Side effects depend on both the dose used and the length of therapy. Common side effects include weight gain, increased appetite, increased risk for infections and facial swelling. Over a long period of time, the drug can also cause decreased calcium content in the bones, cataracts, high blood pressure, and slowed growth rate. The doctor will try to lower the dose as soon as possible to lessen the side effects, while keeping the disease under control.

Methotrexate

For patients with more severe symptoms that are not controlled by prednisone, or as a treatment to allow for fewer steroids to be used, methotrexate is often used. Methotrexate also suppresses the immune system. Methotrexate is also used to treat cancer but in much higher doses.

The effect in the body (both in the way that it affects the immune system as well as side effects) of methotrexate, in the doses used for treatment of children with JDM, is much milder than that seen in treatment of cancer. The doctor will use the lowest dose possible and will usually use it in combination with prednisone. Methotrexate can be given as a pill or by injection. It is given once a week.

Common side effects include mouth sores and stomach upset, which can be controlled by taking a vitamin called folic acid. Less common side effects include increased liver enzymes and an increased risk of getting infections.

Hydroxychloroquine (brand name Plaquenil)

Hydroxychloroquine is a drug that is often used to treat the rash in children with JDM. The drug is given as a pill, usually once a day, and is given in combination with other drugs that control the other symptoms in children with JDM.

Hydroxychloroquine is generally tolerated very well. Some children will develop stomach upset. About 1 in every 3,000-5,000 people who take hydroxychloroquine will accumulate pigment in the retina of the eye. If this is allowed to progress, it could interfere with a person's vision. For this reason, an ophthalmologist (eye doctor) needs to check your child's eyes every six to 12 months while your child is taking hydroxychloroquine. If the eye doctor detects any pigment accumulation, the hydroxychloroquine will be stopped before any visual problems develop.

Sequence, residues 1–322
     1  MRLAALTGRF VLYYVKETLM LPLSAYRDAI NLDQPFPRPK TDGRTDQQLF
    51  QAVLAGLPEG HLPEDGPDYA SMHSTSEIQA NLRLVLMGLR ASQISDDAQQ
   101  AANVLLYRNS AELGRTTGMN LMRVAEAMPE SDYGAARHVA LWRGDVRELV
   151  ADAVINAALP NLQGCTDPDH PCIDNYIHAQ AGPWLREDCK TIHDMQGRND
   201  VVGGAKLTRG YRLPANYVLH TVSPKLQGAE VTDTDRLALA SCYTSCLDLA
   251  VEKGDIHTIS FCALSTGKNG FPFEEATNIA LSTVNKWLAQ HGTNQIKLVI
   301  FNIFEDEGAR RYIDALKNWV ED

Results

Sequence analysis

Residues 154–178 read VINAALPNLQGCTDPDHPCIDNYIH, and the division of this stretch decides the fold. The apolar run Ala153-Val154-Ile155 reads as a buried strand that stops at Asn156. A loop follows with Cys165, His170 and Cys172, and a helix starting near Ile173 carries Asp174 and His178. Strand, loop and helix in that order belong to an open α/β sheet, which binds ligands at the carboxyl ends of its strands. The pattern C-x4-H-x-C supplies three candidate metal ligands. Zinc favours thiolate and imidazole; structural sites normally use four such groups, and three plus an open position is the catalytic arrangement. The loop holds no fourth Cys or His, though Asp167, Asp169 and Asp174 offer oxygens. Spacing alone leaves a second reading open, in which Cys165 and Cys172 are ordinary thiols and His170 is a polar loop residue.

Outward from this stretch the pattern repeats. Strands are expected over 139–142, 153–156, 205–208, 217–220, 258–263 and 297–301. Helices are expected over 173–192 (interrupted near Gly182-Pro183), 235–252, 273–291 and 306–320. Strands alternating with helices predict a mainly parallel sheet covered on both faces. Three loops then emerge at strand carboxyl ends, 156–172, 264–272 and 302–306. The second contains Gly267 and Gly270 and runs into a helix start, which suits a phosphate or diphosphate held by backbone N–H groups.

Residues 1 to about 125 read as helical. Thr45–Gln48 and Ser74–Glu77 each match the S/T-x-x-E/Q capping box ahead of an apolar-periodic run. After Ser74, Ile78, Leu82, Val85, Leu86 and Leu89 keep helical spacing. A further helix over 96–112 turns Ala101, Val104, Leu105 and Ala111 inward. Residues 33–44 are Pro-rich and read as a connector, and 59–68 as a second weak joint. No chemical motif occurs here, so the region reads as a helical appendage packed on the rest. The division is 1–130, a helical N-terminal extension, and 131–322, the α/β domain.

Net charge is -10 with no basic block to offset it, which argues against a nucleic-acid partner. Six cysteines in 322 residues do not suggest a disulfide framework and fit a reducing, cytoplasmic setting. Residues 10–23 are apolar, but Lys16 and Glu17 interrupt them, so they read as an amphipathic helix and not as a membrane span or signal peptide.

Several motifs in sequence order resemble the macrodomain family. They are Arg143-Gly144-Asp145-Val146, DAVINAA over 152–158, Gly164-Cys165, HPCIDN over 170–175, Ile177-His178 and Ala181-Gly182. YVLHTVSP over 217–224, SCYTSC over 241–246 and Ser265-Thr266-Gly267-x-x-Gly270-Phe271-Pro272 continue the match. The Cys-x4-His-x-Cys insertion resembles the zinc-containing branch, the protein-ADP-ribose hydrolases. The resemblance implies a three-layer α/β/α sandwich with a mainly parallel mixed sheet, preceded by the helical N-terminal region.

Cyclosporine (brand names Neoral or Sandimmune)

If prednisone and methotrexate don't fully control your child's JDM, your doctor may use cyclosporine. This is another type of immune suppressive drug that was originally developed for organ transplantation. Cyclosporine, in combination with methotrexate, can help lower the prednisone dose without causing repeat episodes of disease.

Side effects that may occur include extra hair growth on the face and arms, swelling of gums, and high blood pressure.

Intravenous Immunoglobulin (IVIG)

IVIG is a blood-derived product that has been used in the treatment of children with JDM. IVIG consists of purified antibodies which are proteins that the body's immune system uses to fight infection. The mechanism of action is unclear, but IVIG has been shown to slow down the inflammatory process. IVIG is given through a needle into a vein (intravenous or IV) in the hospital usually once a month.

Side effects like headache, fever, and vomiting can occur, but they are usually prevented by pretreating with Tylenol, Benadryl, and sometimes the addition of a steroid.

Mycophenolate Mofetil (Cellcept)

Cellcept is a medication that is becoming increasingly used to treat severe disease that is not adequately controlled by the medications listed above. Cellcept is a powerful immune suppressive drug that is also used to treat severe lupus and other autoimmune diseases. It comes as a capsule, pill, or liquid and is taken twice a day.

Side effects include gastrointestinal effects and increased risk of infection. While taking this medication, your child’s doctor will frequently monitor blood cell counts to make sure the risk of infection does not become too great. This medicine can often be very effective in sparing steroids.

JDM is a treatable disease. Most children go into remission within two years and may have their medications eliminated.

However, some children may have active disease longer than two years, and some may have more severe symptoms than others.

Some children with JDM can have repeat episodes of the disease or may have the type of disease that does not easily respond to medications.

It is impossible at this time to predict how your child will respond. The most important thing is to take all the medicine your doctor prescribes and perform physical therapy.

Despite the challenges children with JDM and their families face, the majority of children grow up to lead an active, productive life.


Last Updated 07/2013